A shiitake gift log blooms year after year. Its fruit is delicious and contains compounds that create feelings of joy. It's like flowers and candy in one gift
The Mushroom Lady, Sandra Williams
Perkins, OK (PRWEB) January 29, 2013
“Flowers and sweets for Valentine’s Day are our typical American tradition,” according to The Mushroom Lady, Sandra Williams of Lost Creek Mushroom Farm. “A shiitake mushroom log is not a bouquet, but it is a bunch of blooms that return in greater numbers for years. The blooms, or fruits of the mushroom, are much, much different from traditional bouquets – and delicious. A log could be a metaphor both for roses and candy.”
Shiitake mushrooms are grown in two ways, on sterilized sawdust blocks and on all-natural hardwood logs, such as oak, cherry, gum, or hickory. “Shiitakes grown on logs are closer to Nature. They're denser and have a meatier texture. They have more flavor, and more of the impressive health benefits that shiitakes are known for,” Sandra said. “For vegetarians and nutrition-savvy cooks, shiitakes are the most beloved mushroom because they are high in protein, low in fat, strengthen the immune system, and have a positive effect on our emotions.”
The logs are cut in winter when the sap is down. Then holes are made with high-speed drills, and shiitake spawn, the mushroom seed material, is injected into the holes. The holes are sealed with wax to keep out bacteria and insects. Watered and protected at Lost Creek Mushroom Farm, the shiitake grows inside the log for 8 months or more until it is ready to blossom into mushrooms when “shocked” with ice water.
“Shocking -- soaking the log in very cold water -- forces it to fruit." Sandra explained, “The sudden drop in temperature fools the log into thinking it’s the spring or fall rainy season, with warm days and cold, rainy nights.”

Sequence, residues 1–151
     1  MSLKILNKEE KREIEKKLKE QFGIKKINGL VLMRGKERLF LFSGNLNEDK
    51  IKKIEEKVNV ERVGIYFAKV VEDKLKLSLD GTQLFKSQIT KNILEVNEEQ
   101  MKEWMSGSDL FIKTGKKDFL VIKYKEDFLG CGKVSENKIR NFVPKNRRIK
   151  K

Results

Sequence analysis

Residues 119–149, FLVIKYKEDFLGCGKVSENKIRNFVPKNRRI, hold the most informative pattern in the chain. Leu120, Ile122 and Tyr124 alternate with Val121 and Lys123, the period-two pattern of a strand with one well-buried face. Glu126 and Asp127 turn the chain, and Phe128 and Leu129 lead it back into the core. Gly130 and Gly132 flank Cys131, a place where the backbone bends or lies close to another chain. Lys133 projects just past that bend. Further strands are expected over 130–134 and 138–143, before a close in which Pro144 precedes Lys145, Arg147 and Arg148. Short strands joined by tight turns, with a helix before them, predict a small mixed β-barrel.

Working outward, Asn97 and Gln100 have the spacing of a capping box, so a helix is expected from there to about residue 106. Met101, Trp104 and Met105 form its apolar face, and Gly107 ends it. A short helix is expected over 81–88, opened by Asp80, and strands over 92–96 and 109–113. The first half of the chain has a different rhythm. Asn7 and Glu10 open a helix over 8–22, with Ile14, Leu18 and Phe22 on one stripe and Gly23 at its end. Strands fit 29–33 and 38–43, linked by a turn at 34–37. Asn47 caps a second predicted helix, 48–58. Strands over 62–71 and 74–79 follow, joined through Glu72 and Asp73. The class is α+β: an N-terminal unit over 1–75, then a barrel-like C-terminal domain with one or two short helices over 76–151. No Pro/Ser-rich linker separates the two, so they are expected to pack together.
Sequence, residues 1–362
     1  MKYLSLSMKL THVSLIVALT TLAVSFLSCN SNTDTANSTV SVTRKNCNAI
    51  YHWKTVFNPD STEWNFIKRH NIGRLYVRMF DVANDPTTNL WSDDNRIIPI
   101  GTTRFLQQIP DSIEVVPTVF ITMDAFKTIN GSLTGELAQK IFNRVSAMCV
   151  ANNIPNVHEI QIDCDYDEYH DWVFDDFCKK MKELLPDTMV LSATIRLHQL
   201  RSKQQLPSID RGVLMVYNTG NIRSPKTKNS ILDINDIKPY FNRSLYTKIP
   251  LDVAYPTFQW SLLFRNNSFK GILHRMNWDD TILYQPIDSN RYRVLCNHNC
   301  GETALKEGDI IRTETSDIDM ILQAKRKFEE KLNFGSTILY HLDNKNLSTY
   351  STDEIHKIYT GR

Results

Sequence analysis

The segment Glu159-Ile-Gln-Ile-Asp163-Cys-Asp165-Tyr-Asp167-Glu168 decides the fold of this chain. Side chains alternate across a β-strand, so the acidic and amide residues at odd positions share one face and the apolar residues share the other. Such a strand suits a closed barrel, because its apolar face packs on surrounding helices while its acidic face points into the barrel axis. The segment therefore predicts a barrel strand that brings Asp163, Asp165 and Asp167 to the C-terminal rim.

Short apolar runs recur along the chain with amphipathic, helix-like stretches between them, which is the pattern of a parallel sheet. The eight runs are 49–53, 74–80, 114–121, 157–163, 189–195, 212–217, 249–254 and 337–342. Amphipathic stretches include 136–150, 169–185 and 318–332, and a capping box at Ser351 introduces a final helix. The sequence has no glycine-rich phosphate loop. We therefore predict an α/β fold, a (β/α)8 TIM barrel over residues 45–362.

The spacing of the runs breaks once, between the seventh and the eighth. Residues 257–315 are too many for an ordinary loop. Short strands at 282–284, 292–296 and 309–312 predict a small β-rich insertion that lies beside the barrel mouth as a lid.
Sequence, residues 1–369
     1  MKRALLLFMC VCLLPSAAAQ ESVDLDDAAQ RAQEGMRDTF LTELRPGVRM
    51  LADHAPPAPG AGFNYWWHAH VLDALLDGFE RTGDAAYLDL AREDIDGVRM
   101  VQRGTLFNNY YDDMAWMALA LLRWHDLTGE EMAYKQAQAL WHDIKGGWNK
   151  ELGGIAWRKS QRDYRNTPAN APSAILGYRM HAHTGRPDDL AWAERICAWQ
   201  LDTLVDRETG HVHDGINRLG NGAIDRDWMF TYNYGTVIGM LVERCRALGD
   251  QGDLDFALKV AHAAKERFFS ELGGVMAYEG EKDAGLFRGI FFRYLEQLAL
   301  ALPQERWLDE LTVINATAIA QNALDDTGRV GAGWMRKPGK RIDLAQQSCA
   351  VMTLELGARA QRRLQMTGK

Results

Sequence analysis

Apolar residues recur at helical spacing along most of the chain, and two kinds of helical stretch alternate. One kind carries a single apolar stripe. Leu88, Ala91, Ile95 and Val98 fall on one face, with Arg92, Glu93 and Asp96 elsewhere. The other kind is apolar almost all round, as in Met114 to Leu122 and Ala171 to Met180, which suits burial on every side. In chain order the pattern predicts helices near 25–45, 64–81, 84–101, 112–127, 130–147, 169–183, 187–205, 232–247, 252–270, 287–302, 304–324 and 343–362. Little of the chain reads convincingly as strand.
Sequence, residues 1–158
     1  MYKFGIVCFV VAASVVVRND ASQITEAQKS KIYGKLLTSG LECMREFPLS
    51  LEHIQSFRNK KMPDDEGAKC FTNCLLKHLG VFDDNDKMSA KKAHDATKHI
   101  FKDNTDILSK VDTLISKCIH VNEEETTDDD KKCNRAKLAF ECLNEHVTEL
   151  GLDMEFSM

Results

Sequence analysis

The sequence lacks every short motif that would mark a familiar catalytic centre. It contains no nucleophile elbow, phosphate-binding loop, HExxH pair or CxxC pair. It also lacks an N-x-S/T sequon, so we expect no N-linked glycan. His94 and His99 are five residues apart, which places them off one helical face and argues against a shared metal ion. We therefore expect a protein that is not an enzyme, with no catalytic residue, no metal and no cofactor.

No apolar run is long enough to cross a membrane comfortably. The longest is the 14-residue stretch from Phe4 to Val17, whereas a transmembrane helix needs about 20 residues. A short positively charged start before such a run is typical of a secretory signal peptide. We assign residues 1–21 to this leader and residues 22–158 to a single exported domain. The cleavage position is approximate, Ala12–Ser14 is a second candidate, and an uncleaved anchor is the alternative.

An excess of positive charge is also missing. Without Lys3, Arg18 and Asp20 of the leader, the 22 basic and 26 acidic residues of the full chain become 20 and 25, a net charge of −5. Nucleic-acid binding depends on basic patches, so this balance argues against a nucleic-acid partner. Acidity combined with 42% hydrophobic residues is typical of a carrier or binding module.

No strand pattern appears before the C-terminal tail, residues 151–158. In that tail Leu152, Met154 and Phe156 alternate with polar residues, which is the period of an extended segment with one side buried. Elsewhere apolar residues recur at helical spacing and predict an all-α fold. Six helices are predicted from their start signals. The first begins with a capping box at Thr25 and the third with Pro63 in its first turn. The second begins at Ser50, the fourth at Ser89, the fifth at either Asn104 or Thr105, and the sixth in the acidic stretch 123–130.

Shiitake mushroom logs grow beautiful, dark brown mushrooms about every two months for years. The logs will grow inside like plants or outside in shade. They require soaking in non-chlorinated, room-temperature water every two weeks, and in ice water every two months.
“Indoors, they can produce 6 crops a year,” said The Mushroom Lady, “If they’re outside in shade in the spring and fall, Nature will set them fruiting and grow large, meaty mushrooms.”
“At first only a few mushrooms bloom, but the harvest increases as the log matures. In the second year a log can be covered from top to bottom.”
Lost Creek Mushroom Farm Shiitake log kits range in price from $18 to $80. Logs 9-10 inches and longer are fully guaranteed. Kits with two logs, such as the Ma & Pa kit with two 9-10” logs, and the Best Buy, two 14” logs each with its own soaking tray, will grow mushrooms every month by alternating the producing log. Each kit includes a ready-to-fruit hardwood log, complete instructions, and a recipe booklet. The Shiitake Sampler Cookbook, with 51 recipes, can be included with any log kit for $7.99, or sold separately at $9.95.
“Shiitake mushrooms contain compounds that stimulate feelings of joy,” Williams explained, “so a gift of good food, the pleasure of growing natural things, and the warmth of joy from someone who loves you – what could be better?”
Sandra and her husband Doug are the founders of The Voice of the Mushroom Foundation and Mushrooms in Ghana Project. A portion of sales supports projects to promote production, consumption, and education about the health and healing benefits of mushrooms.